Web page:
Two things struck me while watching the Stirling Prize on Channel 4.
The first is the extent to which the RIBA has revived its reputation since the dark days of royal criticism, and the other is just how gloomy television architectural reporting has become.
There was much to celebrate — five glossy statements of shiny, clean modernism displayed in settings of green and blue isolation, and one low-cost wild card. Unfortunately, what we didn’t get was the buildings in use, how they work, or what they look and feel like full of people. This adds to the sense of a lack of democracy in the built environment.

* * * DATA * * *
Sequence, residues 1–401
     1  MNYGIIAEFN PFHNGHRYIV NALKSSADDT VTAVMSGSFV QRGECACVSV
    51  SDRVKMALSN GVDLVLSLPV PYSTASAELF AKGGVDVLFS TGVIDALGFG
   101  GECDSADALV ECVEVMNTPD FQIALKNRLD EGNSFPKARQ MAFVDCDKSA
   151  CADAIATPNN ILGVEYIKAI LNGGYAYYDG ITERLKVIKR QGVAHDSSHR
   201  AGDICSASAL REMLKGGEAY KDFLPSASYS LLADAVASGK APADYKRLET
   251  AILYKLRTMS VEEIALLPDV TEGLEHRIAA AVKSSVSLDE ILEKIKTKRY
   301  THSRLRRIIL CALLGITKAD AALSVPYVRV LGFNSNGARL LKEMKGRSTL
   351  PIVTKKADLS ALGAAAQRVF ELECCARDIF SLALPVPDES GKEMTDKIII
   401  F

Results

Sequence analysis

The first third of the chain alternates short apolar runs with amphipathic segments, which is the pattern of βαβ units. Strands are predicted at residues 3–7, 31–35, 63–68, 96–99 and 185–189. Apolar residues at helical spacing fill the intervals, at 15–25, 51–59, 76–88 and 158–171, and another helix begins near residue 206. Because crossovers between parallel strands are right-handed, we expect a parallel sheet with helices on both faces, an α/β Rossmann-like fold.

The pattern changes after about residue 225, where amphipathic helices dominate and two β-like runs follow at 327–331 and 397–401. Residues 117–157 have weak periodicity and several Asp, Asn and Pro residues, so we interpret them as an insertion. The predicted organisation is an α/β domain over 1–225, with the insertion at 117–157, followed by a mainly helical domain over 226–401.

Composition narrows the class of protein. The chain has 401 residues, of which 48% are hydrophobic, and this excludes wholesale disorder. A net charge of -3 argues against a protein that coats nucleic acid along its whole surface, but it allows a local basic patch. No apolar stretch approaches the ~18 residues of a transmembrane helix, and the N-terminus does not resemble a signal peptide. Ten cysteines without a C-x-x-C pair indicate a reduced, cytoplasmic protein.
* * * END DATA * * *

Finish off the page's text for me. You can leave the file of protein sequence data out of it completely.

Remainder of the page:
The gloom of the reporting was marked. Kevin McCloud describes projects that can’t possibly work — costs spiral out of control and success hangs by a thread — until creativity triumphs over adversity. It’s dramatic licence, but it gives the impression of the building process as inscrutable and disaster-prone. The show bolsters the profession with a celebration of architecture, but it also reinforces the negatives.
Building design is a team pursuit that needs to encourage greater public engagement with the built environment. Awards like these could be used accomplish this.
Richard G Sober, Middlesbrough